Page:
one of the issues with housing multiple dogs with ever changing populations and personalities is the occasional fight.

Posted: March 16, 2009 at 5:36 pm

it is not really that we have too many dogs right now…cuz we have had more. i think there are currently 25 saints dogs plus my personal four (which get the whole living at saints thing as well as their mom does.) it is more the mix of dogs we have right now…it is a difficult mix. we have dogs that can’t go here, dogs that have to be there, dogs who can be with so and so but not with someone else. i don’t pre-assess whoever i decide to take in…either we have room and can help them or we can’t and the specifics get figured out once they get here and we get to know them. i don’t want to turn my back on them just cuz maybe they ain’t so easy.

i get in dogs who are biters but don’t bite here. i get in dogs who are good with cats, but here they are not. i get dogs like chyna who have issues with other dogs…and i don’t see too many issues with her now..she gets along very well. all histories i take with a grain of salt because what someone else considers a problem, i might not. sometimes it is the home they are in, sometimes it is just feeling at odds, sometimes it is simple lack of knowledge or understanding that colors the histories they come with.

once in a blue moon i will go and meet them first if i have a real concern, and once or twice i have said no to these dogs because i knew coming here would be a disaster.

but dogs like 4lane who can be sweet but also a jerk, or dusty who guards her MP room from most dog intrusions as well as jesse did, or the new jesse who despite living with a family cat…actually SUCKS with cats, lucky with her blind lumbering ways who takes offence as soon as one of the others yell at her in frustration….their needs become apparent once they get in our gate. and i don’t have a choice then to send them back to where ever it is that they came from..,..too late they are now our saints.

and so we adjust and we manage and we keep our eyes well focused on the bouncing doggy personality balls.

al got into a fight today. he was left in the big dog room with cleo, fiona, shrek, copper and andy….we think it was shrek who was his sparring partner, but we aren’t really sure. anyway, al’s feelings are hurt and he has a couple of punctures on his leg. i cleaned them up and stuck him on antibiotics propholactically.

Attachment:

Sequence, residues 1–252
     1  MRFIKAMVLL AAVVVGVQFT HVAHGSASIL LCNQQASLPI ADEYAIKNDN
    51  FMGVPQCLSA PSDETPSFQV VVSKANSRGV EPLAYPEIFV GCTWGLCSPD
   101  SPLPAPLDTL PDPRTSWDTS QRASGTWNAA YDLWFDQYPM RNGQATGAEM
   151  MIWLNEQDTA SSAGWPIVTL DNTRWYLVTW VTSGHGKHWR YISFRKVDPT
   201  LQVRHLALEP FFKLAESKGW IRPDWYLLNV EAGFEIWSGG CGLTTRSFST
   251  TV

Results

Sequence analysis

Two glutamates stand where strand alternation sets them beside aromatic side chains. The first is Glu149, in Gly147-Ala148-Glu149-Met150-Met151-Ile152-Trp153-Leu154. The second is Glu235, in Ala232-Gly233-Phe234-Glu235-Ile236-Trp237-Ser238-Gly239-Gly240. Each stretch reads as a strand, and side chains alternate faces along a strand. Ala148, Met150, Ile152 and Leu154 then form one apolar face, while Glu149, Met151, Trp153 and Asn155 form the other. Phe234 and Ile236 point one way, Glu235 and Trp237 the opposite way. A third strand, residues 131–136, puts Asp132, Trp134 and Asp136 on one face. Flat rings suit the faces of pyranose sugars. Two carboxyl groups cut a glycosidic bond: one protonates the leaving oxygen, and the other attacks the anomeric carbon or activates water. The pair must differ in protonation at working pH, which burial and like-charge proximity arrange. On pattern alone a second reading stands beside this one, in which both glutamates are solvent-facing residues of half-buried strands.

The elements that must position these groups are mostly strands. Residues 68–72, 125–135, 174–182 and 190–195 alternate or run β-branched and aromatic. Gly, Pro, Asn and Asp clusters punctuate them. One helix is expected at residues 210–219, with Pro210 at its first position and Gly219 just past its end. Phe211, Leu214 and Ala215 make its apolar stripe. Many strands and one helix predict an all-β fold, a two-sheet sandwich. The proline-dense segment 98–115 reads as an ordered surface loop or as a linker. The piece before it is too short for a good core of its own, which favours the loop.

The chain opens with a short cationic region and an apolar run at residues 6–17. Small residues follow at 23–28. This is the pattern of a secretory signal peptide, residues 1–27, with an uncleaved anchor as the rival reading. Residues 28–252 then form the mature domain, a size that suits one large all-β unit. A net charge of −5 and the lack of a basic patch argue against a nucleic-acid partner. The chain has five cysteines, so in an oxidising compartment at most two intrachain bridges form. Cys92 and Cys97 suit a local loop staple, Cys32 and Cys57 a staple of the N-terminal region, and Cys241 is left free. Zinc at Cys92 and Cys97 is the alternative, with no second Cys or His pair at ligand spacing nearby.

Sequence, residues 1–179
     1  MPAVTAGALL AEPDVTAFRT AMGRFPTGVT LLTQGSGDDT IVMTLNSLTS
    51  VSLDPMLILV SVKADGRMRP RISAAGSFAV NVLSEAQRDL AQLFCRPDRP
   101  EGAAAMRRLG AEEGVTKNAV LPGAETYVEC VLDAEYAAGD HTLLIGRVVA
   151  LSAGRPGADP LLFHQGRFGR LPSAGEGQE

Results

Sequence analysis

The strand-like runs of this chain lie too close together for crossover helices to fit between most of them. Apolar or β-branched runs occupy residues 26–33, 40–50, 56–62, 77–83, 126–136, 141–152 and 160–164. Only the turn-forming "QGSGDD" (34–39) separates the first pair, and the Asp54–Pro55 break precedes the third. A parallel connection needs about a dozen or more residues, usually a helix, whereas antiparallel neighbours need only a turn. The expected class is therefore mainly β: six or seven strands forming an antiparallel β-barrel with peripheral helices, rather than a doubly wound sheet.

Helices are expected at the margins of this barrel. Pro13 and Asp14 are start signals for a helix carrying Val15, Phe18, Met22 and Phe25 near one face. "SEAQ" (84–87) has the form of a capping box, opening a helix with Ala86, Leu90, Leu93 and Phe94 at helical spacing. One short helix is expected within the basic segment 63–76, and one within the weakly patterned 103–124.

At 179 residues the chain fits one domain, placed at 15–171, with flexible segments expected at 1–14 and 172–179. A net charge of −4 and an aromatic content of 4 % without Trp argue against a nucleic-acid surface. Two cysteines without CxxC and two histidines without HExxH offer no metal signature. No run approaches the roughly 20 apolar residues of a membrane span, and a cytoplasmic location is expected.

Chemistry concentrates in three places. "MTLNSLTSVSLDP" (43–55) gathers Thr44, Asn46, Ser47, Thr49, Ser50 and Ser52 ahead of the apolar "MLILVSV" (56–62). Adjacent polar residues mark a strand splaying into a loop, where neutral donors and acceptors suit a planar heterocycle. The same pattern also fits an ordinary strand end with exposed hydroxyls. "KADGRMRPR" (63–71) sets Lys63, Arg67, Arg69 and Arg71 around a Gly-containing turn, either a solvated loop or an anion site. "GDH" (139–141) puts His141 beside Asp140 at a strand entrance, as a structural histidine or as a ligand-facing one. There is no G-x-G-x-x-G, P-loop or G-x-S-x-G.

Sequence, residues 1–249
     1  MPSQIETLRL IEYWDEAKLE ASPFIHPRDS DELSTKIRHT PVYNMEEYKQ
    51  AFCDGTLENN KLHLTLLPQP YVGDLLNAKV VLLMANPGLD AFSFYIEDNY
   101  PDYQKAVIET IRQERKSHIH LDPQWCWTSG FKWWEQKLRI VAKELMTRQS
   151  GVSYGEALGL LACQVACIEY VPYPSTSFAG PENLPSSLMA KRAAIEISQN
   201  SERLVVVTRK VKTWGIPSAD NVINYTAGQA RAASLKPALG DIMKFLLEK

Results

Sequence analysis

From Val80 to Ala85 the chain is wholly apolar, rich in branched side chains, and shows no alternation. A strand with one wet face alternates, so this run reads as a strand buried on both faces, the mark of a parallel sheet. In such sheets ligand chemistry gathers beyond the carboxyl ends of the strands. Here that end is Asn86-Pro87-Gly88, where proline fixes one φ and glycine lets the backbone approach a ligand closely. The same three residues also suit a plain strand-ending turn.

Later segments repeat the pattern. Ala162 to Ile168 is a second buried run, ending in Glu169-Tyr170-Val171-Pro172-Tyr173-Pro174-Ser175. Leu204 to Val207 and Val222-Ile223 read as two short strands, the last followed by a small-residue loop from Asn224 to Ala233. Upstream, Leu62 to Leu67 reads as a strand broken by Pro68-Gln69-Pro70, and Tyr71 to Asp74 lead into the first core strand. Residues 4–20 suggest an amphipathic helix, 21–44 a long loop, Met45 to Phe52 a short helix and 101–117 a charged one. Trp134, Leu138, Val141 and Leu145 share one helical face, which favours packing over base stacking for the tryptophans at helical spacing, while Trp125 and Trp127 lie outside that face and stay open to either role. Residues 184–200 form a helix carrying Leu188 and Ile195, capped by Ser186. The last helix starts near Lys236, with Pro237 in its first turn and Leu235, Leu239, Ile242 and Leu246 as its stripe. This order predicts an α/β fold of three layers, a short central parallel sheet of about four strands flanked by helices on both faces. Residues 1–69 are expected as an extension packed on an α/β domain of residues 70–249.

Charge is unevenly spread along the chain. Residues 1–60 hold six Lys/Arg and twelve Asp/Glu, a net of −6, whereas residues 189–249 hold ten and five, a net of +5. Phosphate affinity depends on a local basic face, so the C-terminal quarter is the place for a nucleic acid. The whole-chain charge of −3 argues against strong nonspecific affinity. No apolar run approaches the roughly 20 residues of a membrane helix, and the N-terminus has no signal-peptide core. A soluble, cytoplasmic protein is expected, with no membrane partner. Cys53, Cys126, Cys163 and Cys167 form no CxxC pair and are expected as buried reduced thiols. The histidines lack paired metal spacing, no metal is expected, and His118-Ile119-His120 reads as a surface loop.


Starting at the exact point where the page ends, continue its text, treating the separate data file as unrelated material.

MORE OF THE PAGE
so this brings me back to the difficult mix here…we have got to be on top of what dogs are where and when. and it has to be a purposeful effort when returning from field runs to put the dogs back immediately into the areas that they actually belong in… and before we get distracted by other things. this is what keeps them safe.

we also have to learn to really see and feel the animals around us and what is happening with them. if i had been more aware of the stress building up with fluke and shrek because of coppers having a freaking food fit, i could have stepped in and done something to lower the stress BEFORE they started redirecting and reacting to that annoying little pain in the ass freaking beagle.

living communally and peacefully with 80 cats and dogs in various areas is not the easiest thing to accomplish. BUT…we acheive a higher degree of success if we pay attention, focus on THEM not each other or tasks or how tired we are. i usually have second sight and eyes in the back of my head which is why normally we really don’t have very many actual fights.

lately with all of the new incoming and the struggles with money, workloads, various issues and just plain figuring things out, i haven’t really been as on the ball with the animals as i should be. and i know it is a process of about 3 months to fully settle new admissions in, taking in more than half a dozen lately was not the best idea.

anyway…problems identified…moving on to interventions and solutions….

there are white boards in each area now with the names of who belongs in there.

i will do up a master one for the kitchen for easy quick reference of all of the areas.

and i ask both staff and volunteers when they are here to try to block out all of the noise and all of the chaos and all of the distractions and hard, hard work for a few seconds every once in awhile just to FEEL and see what the animals around them are actually doing and how they are feeling and if they need things to settle down into quiet and stable predictability for a little while so they can feel secure.

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